Burt’s Bees Natural Lipstick Review
Burt’s Bees Natural Lipstick Review
Finding green beauty options at the drugstore/pharmacy is extremely difficult – especially if you’re looking for dry shampoo or a natural deodorant (Why!? Come on stores, get with the times!) It’s also super hard to find natural makeup like lipsticks. Therefore I rarely frequent brick and mortar shops like Shopper’s Drug Mart because I know that it’s going to be nearly impossible to find what I want. That is, until I saw that Burt’s Bees has added to their lipstick collection.
Burt’s Bees 100% Natural Lipstick Review
I ended up picking up two more of their 100% Natural Lipsticks – I already own one colour named “Lily Lake” which I love the colour of… but ended up breaking before I could do a review on it.
The shades I picked up are Blush Basin and Crimson Coast.
A little background on Burt’s Bees:
Burt’s Bees was founded in 1984 and began as a small bee farm where they made beeswax candles, they slowly grew and entered into the cosmetics market with a beeswax lip balm. They pride themselves on having 99-100% natural products, packaging and producing their products in a sustainable way as well as sourcing only the highest quality ingredients. The only downside to Burt’s Bees in my opinion is that they are owned by the Clorox Company, which is inherently not green.
Blush Basin provides a very light pink shade which is a nice touch of colour when you’re aiming for a natural no-makeup look or have decided to make your eyes pop. This shade is versatile enough to wear throughout the year.
Crimson Coast is a nice deep red with a slight berry tone. It’s a great lip colour to wear throughout the cooler months to help pack a punch.
Diheptyl succinate is used as a silicone replacement in natural products and acts as a lightweight emollient. Interestingly, the Burt’s Bees website lists Shea Butter as the featured ingredient… but in the ingredient list there’s no mention of Shea Butter nor on the Think Dirty App or EWG’s Skin Deep Website
Click to see ingredients ⬇️
Ricinus communis (castor) seed oil is used as an emollient which creates a firm texture in it’s dry form.
Capryloyl glycerin/sebacic acid copolymer is derived from castor and coconut oil. It is used to replace silicone and acts as a film-forming agent.
Cera alba [beeswax] derived from the honeycombs from honey bees. It is used as an emollient – and may not be considered cruelty-free.
Candelilla cera [euphorbia cerifera (candelilla) wax] derived from a shrub native to Mexico, it is used as a conditioning ingredient.
Helianthus annuus (sunflower) seed oil is used as a moisturizing ingredient in skincare products – great for dry skin!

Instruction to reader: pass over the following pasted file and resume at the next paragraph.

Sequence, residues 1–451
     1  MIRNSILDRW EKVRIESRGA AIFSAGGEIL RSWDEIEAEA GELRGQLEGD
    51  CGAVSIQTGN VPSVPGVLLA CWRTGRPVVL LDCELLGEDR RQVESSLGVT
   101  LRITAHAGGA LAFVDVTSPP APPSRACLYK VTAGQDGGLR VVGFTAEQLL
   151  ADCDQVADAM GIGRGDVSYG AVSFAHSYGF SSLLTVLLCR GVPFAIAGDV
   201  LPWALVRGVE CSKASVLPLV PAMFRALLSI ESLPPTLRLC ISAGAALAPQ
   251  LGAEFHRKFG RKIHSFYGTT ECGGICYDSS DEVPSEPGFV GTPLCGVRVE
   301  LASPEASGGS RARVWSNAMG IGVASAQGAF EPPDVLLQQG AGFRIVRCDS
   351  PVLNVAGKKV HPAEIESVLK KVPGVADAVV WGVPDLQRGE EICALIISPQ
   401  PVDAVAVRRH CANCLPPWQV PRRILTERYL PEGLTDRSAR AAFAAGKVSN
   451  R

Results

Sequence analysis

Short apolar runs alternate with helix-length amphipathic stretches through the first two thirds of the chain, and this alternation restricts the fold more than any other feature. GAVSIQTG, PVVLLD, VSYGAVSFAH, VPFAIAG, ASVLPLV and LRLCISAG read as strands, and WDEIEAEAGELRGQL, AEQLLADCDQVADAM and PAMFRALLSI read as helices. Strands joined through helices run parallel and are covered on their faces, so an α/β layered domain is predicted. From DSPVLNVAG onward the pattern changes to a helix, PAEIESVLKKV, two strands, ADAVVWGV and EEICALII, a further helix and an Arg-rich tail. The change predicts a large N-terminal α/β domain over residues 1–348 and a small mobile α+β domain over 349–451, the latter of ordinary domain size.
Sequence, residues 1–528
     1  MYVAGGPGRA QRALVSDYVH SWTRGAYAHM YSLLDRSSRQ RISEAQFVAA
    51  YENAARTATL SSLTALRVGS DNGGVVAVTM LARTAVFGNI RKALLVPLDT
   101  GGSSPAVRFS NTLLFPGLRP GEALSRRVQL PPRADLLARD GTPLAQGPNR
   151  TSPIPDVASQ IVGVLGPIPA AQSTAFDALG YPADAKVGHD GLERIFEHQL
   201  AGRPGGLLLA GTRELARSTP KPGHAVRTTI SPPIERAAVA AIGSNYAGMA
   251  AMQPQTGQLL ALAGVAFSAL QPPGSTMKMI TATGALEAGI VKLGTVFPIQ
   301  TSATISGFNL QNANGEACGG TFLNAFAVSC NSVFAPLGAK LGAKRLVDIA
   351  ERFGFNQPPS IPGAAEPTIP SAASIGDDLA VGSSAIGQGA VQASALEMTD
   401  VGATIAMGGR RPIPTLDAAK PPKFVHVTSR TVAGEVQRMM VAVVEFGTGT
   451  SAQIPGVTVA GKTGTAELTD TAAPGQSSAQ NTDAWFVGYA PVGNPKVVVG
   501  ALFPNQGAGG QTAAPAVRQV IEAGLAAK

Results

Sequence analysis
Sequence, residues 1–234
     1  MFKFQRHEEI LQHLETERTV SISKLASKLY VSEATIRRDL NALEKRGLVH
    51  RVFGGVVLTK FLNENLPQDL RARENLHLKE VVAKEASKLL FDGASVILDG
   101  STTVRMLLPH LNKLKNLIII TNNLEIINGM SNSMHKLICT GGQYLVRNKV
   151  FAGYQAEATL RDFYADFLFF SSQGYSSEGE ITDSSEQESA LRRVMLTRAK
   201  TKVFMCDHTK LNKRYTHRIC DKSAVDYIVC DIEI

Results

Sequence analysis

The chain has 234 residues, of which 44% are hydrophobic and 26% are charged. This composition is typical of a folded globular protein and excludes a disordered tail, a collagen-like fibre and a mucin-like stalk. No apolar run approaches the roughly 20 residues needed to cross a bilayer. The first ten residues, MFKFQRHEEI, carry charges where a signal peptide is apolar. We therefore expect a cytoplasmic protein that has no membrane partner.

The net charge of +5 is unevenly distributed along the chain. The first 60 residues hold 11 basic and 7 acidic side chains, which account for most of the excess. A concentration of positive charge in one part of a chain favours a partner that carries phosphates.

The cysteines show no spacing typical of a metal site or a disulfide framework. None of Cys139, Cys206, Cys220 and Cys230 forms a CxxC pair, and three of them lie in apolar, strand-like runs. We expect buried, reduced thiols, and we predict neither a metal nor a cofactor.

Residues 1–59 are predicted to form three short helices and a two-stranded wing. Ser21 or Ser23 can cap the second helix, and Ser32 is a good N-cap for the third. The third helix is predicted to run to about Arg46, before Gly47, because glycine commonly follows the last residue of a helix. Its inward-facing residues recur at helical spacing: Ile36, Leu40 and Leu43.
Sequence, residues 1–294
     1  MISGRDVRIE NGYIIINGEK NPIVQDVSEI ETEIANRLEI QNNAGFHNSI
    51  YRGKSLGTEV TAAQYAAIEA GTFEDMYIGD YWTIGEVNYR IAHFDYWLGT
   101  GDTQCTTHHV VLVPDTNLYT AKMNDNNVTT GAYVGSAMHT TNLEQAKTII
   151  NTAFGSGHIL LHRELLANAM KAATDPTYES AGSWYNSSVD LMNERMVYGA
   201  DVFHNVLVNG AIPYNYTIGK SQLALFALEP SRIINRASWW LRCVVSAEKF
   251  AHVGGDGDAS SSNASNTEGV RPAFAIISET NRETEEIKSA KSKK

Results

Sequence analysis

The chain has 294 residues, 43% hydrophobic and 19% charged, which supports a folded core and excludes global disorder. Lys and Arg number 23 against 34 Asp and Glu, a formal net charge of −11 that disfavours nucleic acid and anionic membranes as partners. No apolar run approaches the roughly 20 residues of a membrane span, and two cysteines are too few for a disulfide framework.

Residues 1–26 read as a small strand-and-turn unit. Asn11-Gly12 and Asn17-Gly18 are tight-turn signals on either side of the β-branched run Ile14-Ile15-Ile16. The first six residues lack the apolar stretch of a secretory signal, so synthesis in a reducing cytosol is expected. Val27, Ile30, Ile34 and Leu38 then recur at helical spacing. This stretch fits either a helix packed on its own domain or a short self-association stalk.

Behenyl alcohol can be plant-derived or synthetically produced and is used as an emulsifying ingredient.
Oleic/linoleic/linolenic polyglycerides have multiple uses including viscosity controlling, binding, emulsifying and as an emollient. Limited data on this ingredient.
C12-18 acid triglyceride is mainly used as an emollient and as a texture enhancing ingredient (through binding and viscosity controlling.)
Lanolin is derived from the wool shaved off of sheep. It is used as a moisturizing ingredient. May not be considered cruelty-free.
Hydrogenated vegetable oil acts as a skin-conditioning agent by blocking moisture loss after application.
Cera carnauba [copernicia cerifera (carnauba) wax] is used in lipstick to help thicken the product and helps to control viscosity/texture.
Moringa oleifera seed oil is used as a moisturizing ingredient.
Rubus idaeus (raspberry) seed oil is used for skin-conditioning and moisturizing.
Sorbitan Tristearate is an emulsifying ingredient derived from olive oil.
Glyceryl caprylate is used as a skin conditioning, emollient and emulsifying ingredient.
Aroma [flavor] is used for fragrance/flavour. Could be any blend of ingredients.
Tocopherol (different from Tocopherol Acetate.) It is used as a skin-conditioning agent and masking ingredient.
Glycine soja (soybean) oil is primarily used as a skin conditioning and emollient ingredient.
Lauroyl lysine is used for product stability and as a skin conditioning ingredient.
Citric acid is used to help adjust the pH of a product. There is limitations on concentration (as it is a very strong and potentially skin-irritating ingredient.)
Linalool is a fragrance ingredient that may be derived synthetically and occurs naturally in essential oils.
May contain [+/-]: mica, CI 77891 [titanium dioxide], CI 75470 [carmine], CI 77491•CI 77492 •CI 77499 [iron oxides]
Diheptyl succinate is used as a silicone replacement in natural products and acts as a lightweight emollient.
Interestingly, the Burt’s Bees website lists Shea Butter as the featured ingredient… but in the ingredient list there’s no mention of Shea Butter nor on the Think Dirty App or EWG’s Skin Deep Website
How does the Burt’s Bees 100% Natural Lipstick Wear?
Overall, the texture is definitely very moisturizing (which is one think I really liked about the Lily Lake colour that I was using…before it broke.) I am nervous about the mixture being a bit fragile due to my previous experience.
However the lipstick wears relatively well throughout the day on lips that have been exfoliated properly. If you have any dry spots on your lips you will notice that the lipstick application becomes patchy (which makes sense.) I found it was necessary to touch up after a few hours of wear or after a meal. Again, another thing that is expected when you’re wearing a normal lipstick compared to a liquid lipstick.
Comparing this product to the Dr. Hauschka Natural Lipstick which I reviewed, this is a much more sensible product if you are searching for a natural lipstick. Price wise and for wear time.
This is a product I can definitely see myself repurchasing – even though the company is owned by Clorox (which sucks.) Their ingredients seem to be directly in line with their values and for the price point it wears well.